Nature is calling you this spring in Traverse City. How will you explore it? Take a look at these terrific ideas from Taryn Carew at the Grand Traverse Conservation District.  

Here at the Boardman River Nature Center and the Grand Traverse Conservation District, we work year-round to inspire exploration, appreciation, and conservation of our natural areas. Every season offers diverse opportunities to get outside and enjoy the trails, but there's one season we look forward to every year -- spring! When the calendar turns to March 20 we know that winter is almost over and we can't wait to celebrate. Our parkland trails are uncovered from the winter snow, the forest has new life creeping up through last season’s leaves, and the orchards hold a beautiful display of spring blossoms. Take a drive through the rolling hills of cherry country where the orchards are lush with tiny white fragrant flowers, visit the Boardman River Nature Center to experience hands-on learning, or take a hike at one of the eight parklands we steward and be sure to keep your eyes on the forest floor. You might just get a glimpse of the colorful spring ephemerals, including wildflowers and distinct mushrooms. 

Trout Lily

 

If you are on the lookout for wildflowers, check out the trails at Hickory Meadows, East Creek Reserve Parkland, Miller Creek and the Brown Bridge Quiet Area. Trilliums, spring beauties, and trout lilies make an appearance for a few short weeks, taking advantage of the sunlight allowed by a lack of foliage that will soon take over in the trees above. Look down to spot these colorful, but short-lived wildflowers.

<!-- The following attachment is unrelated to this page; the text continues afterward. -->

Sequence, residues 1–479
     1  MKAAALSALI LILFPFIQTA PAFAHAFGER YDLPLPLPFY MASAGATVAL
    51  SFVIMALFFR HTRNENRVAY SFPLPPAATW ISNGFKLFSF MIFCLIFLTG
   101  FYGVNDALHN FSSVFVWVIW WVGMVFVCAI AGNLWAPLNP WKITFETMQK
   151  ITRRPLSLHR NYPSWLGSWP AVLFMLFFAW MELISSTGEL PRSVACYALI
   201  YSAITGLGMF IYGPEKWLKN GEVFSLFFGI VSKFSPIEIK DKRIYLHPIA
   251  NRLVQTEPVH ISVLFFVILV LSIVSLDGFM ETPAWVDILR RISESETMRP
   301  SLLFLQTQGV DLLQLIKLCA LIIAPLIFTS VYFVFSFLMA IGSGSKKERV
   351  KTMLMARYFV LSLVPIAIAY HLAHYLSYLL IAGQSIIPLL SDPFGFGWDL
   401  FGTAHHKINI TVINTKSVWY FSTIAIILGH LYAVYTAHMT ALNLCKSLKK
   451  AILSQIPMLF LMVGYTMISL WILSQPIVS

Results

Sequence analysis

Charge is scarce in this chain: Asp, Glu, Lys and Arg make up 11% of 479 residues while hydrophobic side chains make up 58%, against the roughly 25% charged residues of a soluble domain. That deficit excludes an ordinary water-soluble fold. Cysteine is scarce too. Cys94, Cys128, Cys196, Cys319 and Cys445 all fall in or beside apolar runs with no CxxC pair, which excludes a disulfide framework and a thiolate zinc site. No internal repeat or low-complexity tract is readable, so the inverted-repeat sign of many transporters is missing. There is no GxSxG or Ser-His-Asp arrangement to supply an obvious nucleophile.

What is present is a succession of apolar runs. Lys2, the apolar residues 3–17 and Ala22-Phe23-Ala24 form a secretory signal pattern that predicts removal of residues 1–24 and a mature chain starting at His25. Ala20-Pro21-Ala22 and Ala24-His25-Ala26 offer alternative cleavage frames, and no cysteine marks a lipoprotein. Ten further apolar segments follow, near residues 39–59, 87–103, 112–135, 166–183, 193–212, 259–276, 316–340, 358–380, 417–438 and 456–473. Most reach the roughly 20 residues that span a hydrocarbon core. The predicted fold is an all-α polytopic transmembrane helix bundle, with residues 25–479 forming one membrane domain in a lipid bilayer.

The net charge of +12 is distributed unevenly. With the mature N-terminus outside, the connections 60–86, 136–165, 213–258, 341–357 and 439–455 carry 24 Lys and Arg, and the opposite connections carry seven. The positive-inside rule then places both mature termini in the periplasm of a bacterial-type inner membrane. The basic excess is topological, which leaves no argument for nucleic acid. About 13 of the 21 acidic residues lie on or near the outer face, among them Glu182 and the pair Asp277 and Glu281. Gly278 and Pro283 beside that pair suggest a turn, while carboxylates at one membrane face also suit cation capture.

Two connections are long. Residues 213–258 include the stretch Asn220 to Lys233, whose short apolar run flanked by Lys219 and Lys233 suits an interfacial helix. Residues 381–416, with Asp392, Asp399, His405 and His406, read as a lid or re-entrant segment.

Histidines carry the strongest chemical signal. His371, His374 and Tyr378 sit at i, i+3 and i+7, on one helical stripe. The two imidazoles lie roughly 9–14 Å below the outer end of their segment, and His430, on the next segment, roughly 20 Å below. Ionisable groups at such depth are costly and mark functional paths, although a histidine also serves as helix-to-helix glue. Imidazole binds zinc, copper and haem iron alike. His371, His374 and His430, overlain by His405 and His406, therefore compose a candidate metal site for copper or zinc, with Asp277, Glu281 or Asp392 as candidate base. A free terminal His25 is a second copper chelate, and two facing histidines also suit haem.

Scarlett Cup Mushroom   

 

If fungi are your thing, head over to East Creek Reserve Parkland (owned by Rotary Camps and Services of Traverse City). You will find an array of different fungi there, including the lesser-known scarlet cup mushroom. 

Cherry Blossoms
 
Let's not forget the incredible display of blossoms in the cherry orchardsusually at its peak in mid-May. Head up either the Leelanau or Old Mission peninsulas and get your camera ready. These blossoms typically don't last long, since the cycle from flower to fruit is usually 60 days. So, chances are if you return in a few months, those same orchards will be covered with delicious red cherries -- almost ripe for the picking! 
 
Boardman River Nature Center

 

Finally, there are always hands-on activities happening at the Boardman River Nature Center. Nature-related programs for all ages take place Tuesday-Saturday from 10 a.m. - 4 p.m. There's indoor fun, as well as outdoor adventure along our miles of trails that loop around the building. Be sure to check out one of the exploration packs to take along on your hike; they include plenty of tips and guides that will enhance your experience. Saturdays are especially great for family programs and conservation-focused seminars. 

For a schedule of programs, and for additional information visit natureiscalling.org.